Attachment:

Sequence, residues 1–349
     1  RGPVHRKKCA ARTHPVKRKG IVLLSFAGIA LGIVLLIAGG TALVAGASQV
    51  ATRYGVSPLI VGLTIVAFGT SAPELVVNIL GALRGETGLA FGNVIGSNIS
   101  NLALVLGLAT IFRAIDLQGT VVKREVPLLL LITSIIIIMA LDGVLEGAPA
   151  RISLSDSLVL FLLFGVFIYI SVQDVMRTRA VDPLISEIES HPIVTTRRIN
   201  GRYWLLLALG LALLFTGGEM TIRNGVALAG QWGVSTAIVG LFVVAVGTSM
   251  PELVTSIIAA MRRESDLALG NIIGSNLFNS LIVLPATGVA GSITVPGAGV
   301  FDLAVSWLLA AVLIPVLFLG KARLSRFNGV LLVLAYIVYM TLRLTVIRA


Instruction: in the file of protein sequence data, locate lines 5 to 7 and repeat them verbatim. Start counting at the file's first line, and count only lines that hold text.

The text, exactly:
   151  RISLSDSLVL FLLFGVFIYI SVQDVMRTRA VDPLISEIES HPIVTTRRIN
   201  GRYWLLLALG LALLFTGGEM TIRNGVALAG QWGVSTAIVG LFVVAVGTSM
   251  PELVTSIIAA MRRESDLALG NIIGSNLFNS LIVLPATGVA GSITVPGAGV